Sheet music.

Credit: Focus Features

Arts & Culture

‘Stand Up’ for best song

4 min read

Recent alums Joshuah Campbell and Gabe Fox-Peck on their Oscar nomination for ‘Harriet’

On his first day at Harvard, Gabe Fox-Peck ’20 met Joshuah Campbell ’16 in the arts preorientation program, and the two began to bond over their shared Southern roots and deep passion for music.

“My mom had called ahead because it was my birthday, so Joshuah, who was my proctor, had a little cupcake for me,” recalled Fox-Peck, who grew up in Durham, N.C. “We’re both from the Carolinas, so it’s like we could relate to being a fish out of water.”

Both were grateful for the mentorship of Vijay Iyer, Franklin D. and Florence Rosenblatt Professor of the Arts, and each performed for the other’s senior creative thesis (Fox-Peck’s was a gospel performance, Campbell’s jazz).

“We’ve been tight collaborators off and on,” said Campbell, a South Carolina native who is currently working on a master’s in divinity at Union Theological Seminary in New York City. “Harvard has given me several people like Gabe. We had to find community with other people in extracurriculars. We learned to hustle, and we learned to love doing it with each other.”

Joshuah Campbell '16 singing at Harvard's commencement in 2018.
Joshuah Campbell ’16 (center) performed “Sing Out, March On” at the 367th Harvard Commencement. Kris Snibbe/Harvard file photo

On Sunday, the pair will be together at the Oscars in Los Angeles, where “Stand Up,” a song that Campbell co-wrote and Fox-Peck co-produced for the biopic “Harriet,” is nominated in the best original song category.

(The song ultimately did not win Sunday night, though co-writer and “Harriet” star Cynthia Erivo did sing it on the Oscar telecast. Still, alumnus Miky Lee, MA ’86, did win big as executive producer of “Parasite,” the landmark South Korean film that won best picture and best director awards, among others.)

“My goals were something that sounded good and that honored Harriet Tubman,” said Campbell, who got a call for a demo recording after the film’s composer, Terence Blanchard, saw him perform his piece “Sing Out, March On” in 2018 as a tribute to the day’s Commencement speaker, John Lewis, the congressman and legendary Civil Rights leader. “It wasn’t unexpected. I knew the product was good, but it wasn’t even in my realm of thinking that it would get to this level.”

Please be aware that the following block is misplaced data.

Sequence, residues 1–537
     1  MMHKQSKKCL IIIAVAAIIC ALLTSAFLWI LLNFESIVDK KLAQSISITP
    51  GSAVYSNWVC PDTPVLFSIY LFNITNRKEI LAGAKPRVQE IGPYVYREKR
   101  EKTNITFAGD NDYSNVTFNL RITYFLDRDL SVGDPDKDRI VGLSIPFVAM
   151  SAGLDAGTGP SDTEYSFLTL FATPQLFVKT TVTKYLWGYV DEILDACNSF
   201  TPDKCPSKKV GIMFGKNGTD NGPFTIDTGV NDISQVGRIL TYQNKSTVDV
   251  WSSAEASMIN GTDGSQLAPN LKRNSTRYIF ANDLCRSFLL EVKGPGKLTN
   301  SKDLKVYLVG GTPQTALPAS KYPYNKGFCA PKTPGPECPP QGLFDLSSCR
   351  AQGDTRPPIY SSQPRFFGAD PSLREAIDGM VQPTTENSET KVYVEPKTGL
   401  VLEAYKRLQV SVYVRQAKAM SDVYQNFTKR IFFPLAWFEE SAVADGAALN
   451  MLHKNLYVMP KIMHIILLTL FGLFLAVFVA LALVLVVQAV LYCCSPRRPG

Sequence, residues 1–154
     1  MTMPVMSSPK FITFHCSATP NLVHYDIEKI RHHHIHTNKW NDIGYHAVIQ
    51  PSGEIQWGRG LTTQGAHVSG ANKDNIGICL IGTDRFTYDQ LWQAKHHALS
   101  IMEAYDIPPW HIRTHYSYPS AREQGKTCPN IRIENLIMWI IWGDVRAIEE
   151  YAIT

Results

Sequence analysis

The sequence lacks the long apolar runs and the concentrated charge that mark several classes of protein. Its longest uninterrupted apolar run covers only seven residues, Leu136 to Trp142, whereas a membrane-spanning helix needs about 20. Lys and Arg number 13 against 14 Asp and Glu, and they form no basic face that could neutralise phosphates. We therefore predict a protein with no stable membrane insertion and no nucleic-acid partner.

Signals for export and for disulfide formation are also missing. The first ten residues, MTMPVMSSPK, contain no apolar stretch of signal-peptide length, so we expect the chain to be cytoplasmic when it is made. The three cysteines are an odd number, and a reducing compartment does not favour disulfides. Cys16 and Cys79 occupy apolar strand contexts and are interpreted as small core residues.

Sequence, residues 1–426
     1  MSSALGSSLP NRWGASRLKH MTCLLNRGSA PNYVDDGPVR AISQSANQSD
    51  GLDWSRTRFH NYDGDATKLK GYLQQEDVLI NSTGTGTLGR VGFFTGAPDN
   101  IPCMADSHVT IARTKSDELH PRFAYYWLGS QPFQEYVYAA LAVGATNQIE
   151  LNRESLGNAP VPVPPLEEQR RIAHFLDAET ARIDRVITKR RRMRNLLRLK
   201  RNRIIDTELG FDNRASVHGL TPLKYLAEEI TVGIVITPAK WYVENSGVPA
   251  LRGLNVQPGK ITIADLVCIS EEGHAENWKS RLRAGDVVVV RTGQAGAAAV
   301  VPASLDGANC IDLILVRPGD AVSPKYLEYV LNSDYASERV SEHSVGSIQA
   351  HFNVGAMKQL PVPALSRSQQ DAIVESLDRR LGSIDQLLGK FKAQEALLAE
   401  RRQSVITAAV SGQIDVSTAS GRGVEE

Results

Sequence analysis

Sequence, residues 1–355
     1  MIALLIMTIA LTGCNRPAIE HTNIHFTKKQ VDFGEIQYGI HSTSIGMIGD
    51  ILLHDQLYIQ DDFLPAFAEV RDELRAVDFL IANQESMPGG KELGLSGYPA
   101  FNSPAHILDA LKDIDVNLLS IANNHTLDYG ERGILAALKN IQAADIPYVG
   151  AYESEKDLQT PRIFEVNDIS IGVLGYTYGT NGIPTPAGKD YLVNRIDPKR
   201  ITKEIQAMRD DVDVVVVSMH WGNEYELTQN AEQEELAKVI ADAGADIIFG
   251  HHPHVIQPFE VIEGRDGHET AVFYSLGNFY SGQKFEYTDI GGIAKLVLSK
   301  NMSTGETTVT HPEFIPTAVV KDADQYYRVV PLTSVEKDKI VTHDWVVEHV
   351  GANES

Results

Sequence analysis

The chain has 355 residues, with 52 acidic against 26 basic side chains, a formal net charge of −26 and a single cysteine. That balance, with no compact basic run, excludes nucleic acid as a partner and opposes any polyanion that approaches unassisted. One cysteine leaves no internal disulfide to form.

Gabe Fox-Peck ’20 (pictured) will join Joshuah Campbell ’16 at the Oscars on Sunday.

Courtesy of Gabe Fox-Peck

Man at keyboard.

For his part, Fox-Peck, who graduated in December with a degree in comparative religion and a secondary in African and African American Studies, recalled the demo project as a pretty typical collaboration session with Campbell.

“We sat in my living room and built it from scratch. He said, ‘I’m hearing a bass kick and a clap with a lot of atmosphere, almost like a chain gang,’” Fox-Peck said. “I added harmonies, ukulele, guitar, percussion. He paid me for my time, but there was no suggestion I would have a later role.”

That was in May, and by midsummer the film’s star, Erivo, was recording a retracked version that Campbell co-wrote. “Stand Up” was produced in collaboration with Blanchard and Will Wells (“Hamilton”) and has received nominations for a Golden Globe, Critics’ Choice, and an Oscar.

“It’s been pretty surreal,” said Campbell, who has been moved as much by hearing a young boy in his hometown cover the song as he was seeing by Beyoncé at the Golden Globes.

“She’s one of my top three favorite artists, and she’s not [No.] 3,” he said.

Fox-Peck, who performs as Solomon Fox in the Durham-based Young Bull, remains in disbelief that he has been nominated alongside music giants Randy Newman and Elton John. He will attend the Oscars with his girlfriend, flying into L.A. after accompanying his 14-year-old sister in her middle-school talent show.

Fox-Peck had originally come to Harvard for the dual New England Conservatory program, but didn’t complete it.

“I didn’t expect to get any artistic inspiration from the Harvard side, and I found it to be completely flipped. The art atmosphere is undersold, and I found an incredible community, particularly under Vijay, at Harvard. There was not pressure to make something commercially viable,” he said.

Another Harvard alum will also be hoping to take home a gold statuette Sunday. Producer David Heyman ’83 has two Oscar-nominated films — “Marriage Story” and “Once Upon a Time in Hollywood” — up for more than a dozen nominations combined.

The Oscars will air at 8 p.m. Sunday on ABC.